Intel is going to retain DDR4 memory for its soon-to-release Rocket Lake CPUs, like AMD has done with its Zen 3 lineup. But the companies will, sooner rather than later, embrace DDR5 memory, and when they do, there are a number of memory makers raring to go with DDR5 memory. The latest entry into this list is Asgard Memory.
Asgard plans to create DDR5 memory in 32GB, 64GB and even 128GB capacities, according to ITHomeb, at speeds of 4,800 MHz. It is not yet clear if the 128GB capacity will be available in a single module form or a multi-module kit, but that is still a beefy amount of memory.
The company intends to begin mass producing DDR5 modules when Intel’s 12th gen core processors, based on the Alder Lake hit the market, along with a new 600-series chipset. The Alder Lake processors is a hybrid design, similar in concept to Arm’s big.LITTLE design. It will combine high performance cores with smaller and more power efficient cores in a single package.
Alder Lake is quite close to release. While we’re still waiting for Rocket Lake to launch, Alder Lake may release sometime by the end of the year. AMD is also expected to start working with DDR5 memory with its Zen 4 chips. Those are also slated to hit the markets by the end of this year or early next year.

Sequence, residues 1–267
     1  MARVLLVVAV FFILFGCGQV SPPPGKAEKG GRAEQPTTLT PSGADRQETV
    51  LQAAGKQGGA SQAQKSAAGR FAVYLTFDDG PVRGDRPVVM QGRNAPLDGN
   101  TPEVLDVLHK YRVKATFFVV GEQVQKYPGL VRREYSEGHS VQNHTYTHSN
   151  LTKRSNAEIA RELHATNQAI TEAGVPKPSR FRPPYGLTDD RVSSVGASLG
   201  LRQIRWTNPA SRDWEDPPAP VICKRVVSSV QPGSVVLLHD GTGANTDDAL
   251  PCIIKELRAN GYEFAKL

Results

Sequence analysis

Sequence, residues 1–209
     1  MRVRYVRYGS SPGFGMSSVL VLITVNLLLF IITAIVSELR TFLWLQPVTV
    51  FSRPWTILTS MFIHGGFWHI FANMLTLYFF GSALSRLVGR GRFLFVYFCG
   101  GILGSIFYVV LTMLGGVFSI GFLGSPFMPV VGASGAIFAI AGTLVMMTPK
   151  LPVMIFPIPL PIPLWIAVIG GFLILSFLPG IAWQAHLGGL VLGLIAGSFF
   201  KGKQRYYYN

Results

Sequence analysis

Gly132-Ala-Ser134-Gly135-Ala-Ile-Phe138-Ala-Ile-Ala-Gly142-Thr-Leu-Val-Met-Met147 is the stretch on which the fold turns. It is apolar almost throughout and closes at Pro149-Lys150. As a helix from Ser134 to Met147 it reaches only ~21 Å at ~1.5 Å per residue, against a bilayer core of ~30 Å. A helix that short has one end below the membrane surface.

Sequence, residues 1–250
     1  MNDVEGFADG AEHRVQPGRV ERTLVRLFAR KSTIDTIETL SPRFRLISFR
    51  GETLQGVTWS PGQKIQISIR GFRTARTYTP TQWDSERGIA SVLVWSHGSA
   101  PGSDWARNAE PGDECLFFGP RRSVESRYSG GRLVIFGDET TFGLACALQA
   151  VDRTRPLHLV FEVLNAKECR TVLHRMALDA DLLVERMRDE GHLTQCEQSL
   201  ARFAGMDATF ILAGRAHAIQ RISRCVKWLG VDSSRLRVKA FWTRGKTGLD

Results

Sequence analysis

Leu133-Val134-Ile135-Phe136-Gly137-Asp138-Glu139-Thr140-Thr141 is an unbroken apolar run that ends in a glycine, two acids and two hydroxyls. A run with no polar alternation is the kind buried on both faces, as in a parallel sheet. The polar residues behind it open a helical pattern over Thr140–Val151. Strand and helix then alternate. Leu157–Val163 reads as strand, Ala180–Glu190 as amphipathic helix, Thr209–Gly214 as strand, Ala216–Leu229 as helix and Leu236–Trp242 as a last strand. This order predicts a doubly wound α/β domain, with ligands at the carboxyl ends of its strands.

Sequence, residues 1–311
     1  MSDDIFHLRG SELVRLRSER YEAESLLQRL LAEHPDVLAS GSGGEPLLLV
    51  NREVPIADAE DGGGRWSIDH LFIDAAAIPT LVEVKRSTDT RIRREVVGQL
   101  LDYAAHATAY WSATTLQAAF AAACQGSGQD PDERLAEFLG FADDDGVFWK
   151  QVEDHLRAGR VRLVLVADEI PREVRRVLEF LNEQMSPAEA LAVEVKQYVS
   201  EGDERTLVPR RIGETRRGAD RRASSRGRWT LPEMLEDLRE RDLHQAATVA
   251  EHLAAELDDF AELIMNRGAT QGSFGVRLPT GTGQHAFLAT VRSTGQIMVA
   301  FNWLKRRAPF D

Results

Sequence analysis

What Does It Mean for the Average Gamer?
DDR5 RAM is sure to bring about even faster speeds to the mainstream space. While the initial products seem to be running at 4,800MHz, which is not that much faster than current standards, one must keep in mind that this is the starting point and speeds will only keep increasing. There are rumours that DDR5 memory speeds could reach 6400MHz. When comparing data rate against DDR4 memory, we can expect an increase of 1.36X effective bandwidth, at 3200MHz. It is also going to use less voltage, which could mean potentially higher memory overclocks. DDR5 memory will also come with Error Code Correction, a feature that was missing on DDR4.
Asgard is not the only company to start work on DDR5 memory, and we can expect many more to join the bandwagon. The future of computing seems to be here already and 2021 has some real big upgrades in store for us.